Can that be improved over time? Absolutely. If the Jets are looking for an alternative, Josh Morrissey could be used in the role.
But what does the arrival of Paul Stastny mean for the powerplay?
At the very least, it should provide a boost for the second group. Stastny could also return to his spot down low with the first unit, where he’s very comfortable and his vision and passing ability could come in handy.
However, if that’s the case then Kyle Connor could be bumped to the second unit.
Moving a team’s leading goal-scorer off the No. 1 powerplay isn’t a common occurrence and the only way I see it happening is if the Jets prefer to play him on the half wall. Connor had great success in that spot as a freshman at the University of Michigan and did see some brief time there last season when Maurice mixed things up on the powerplay.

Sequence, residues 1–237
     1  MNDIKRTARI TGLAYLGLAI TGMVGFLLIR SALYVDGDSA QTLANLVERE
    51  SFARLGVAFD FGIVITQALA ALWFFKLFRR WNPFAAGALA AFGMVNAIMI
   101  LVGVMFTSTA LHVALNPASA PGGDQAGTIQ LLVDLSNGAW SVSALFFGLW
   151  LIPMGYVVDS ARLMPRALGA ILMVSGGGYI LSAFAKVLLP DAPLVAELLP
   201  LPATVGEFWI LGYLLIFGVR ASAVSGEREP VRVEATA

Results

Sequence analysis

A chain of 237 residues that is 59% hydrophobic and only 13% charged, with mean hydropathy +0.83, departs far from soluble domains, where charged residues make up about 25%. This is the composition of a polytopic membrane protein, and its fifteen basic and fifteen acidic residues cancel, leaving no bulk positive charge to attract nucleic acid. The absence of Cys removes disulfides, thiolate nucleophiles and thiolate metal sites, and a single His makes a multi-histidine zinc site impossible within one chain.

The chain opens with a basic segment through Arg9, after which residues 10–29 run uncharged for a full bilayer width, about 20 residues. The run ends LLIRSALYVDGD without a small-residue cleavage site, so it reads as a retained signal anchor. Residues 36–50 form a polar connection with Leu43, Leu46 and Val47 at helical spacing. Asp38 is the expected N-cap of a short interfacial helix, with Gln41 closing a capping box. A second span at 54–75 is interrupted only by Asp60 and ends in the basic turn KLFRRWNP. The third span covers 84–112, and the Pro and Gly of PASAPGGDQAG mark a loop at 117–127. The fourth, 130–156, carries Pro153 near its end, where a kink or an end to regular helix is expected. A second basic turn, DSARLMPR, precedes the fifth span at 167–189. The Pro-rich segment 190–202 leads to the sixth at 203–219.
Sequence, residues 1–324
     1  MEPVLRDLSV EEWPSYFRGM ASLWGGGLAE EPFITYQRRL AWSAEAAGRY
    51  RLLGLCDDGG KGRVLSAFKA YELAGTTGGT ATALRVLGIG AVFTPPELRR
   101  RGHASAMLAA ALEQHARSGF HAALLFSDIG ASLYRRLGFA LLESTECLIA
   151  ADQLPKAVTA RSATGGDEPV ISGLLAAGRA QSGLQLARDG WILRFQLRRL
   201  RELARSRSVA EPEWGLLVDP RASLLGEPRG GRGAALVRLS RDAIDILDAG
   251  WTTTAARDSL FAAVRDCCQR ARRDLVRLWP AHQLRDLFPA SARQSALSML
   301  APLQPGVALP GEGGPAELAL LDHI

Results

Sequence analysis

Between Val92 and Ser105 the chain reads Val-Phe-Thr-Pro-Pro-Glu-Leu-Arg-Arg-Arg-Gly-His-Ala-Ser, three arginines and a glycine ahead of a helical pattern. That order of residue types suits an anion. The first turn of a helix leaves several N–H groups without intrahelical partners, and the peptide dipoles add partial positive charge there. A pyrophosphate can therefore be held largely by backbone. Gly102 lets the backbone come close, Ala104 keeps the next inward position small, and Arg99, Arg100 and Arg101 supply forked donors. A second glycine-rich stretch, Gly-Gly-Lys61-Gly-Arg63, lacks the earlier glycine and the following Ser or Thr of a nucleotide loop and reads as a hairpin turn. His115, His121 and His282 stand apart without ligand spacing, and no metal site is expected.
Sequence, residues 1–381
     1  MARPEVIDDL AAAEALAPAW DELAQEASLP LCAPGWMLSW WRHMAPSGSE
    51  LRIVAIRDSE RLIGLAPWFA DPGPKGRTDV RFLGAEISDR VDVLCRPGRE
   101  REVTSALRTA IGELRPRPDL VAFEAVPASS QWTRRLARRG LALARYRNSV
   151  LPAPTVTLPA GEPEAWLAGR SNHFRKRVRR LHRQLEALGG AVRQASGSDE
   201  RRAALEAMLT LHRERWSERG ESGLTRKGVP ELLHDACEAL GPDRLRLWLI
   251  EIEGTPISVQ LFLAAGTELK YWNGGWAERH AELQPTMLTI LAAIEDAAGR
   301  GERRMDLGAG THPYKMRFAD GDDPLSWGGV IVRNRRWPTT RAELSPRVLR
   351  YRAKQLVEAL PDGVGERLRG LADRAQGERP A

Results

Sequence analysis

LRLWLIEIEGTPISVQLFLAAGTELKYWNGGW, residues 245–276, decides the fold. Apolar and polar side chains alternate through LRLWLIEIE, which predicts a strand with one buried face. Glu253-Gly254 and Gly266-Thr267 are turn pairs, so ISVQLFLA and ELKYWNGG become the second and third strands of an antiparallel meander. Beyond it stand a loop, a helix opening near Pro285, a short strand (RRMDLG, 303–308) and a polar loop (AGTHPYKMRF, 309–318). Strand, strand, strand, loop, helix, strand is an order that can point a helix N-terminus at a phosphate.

The other consideration for Maurice revolves around whether to include Ehlers on the first unit or to at least find a way for the second unit to get a little more ice time. Ehlers’ ability to enter the zone with speed is one of the assets the Jets will be looking to utilize, no matter which unit he’s on.
Improving on special teams will be a priority this season and the deployment of the personnel is going to be one of the things under the microscope once training camp opens.
But it’s far more likely the Jets will be looking at tweaks on the powerplay than a complete overhaul.
It’s okay to be predictable when you have multiple dangerous options at your disposal.
Do you think Maurice should move Lowry down in the lineup to strengthen the fourth line so that he can play the fourth line more? I feel that the whole team would benefit from Mark Scheifele and Blake Wheeler playing a little less so they are fresher. Plus, the feeling amongst the whole group that they are a team not just a team that relies on one line.